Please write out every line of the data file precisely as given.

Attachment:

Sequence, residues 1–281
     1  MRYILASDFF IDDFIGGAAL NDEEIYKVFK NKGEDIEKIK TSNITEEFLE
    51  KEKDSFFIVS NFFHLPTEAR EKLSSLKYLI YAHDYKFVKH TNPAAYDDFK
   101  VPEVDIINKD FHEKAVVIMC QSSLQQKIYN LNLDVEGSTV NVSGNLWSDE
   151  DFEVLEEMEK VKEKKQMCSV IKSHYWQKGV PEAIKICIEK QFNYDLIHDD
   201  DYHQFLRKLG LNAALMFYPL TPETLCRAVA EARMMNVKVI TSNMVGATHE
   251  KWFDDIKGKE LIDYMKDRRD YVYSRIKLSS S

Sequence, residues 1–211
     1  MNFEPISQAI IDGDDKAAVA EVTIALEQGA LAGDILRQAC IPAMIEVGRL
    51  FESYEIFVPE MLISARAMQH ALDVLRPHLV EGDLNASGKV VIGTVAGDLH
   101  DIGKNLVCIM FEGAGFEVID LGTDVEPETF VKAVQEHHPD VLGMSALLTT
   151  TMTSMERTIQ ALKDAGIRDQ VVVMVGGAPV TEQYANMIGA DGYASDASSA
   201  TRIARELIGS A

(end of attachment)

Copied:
Sequence, residues 1–281
     1  MRYILASDFF IDDFIGGAAL NDEEIYKVFK NKGEDIEKIK TSNITEEFLE
    51  KEKDSFFIVS NFFHLPTEAR EKLSSLKYLI YAHDYKFVKH TNPAAYDDFK
   101  VPEVDIINKD FHEKAVVIMC QSSLQQKIYN LNLDVEGSTV NVSGNLWSDE
   151  DFEVLEEMEK VKEKKQMCSV IKSHYWQKGV PEAIKICIEK QFNYDLIHDD
   201  DYHQFLRKLG LNAALMFYPL TPETLCRAVA EARMMNVKVI TSNMVGATHE
   251  KWFDDIKGKE LIDYMKDRRD YVYSRIKLSS S

Sequence, residues 1–211
     1  MNFEPISQAI IDGDDKAAVA EVTIALEQGA LAGDILRQAC IPAMIEVGRL
    51  FESYEIFVPE MLISARAMQH ALDVLRPHLV EGDLNASGKV VIGTVAGDLH
   101  DIGKNLVCIM FEGAGFEVID LGTDVEPETF VKAVQEHHPD VLGMSALLTT
   151  TMTSMERTIQ ALKDAGIRDQ VVVMVGGAPV TEQYANMIGA DGYASDASSA
   201  TRIARELIGS A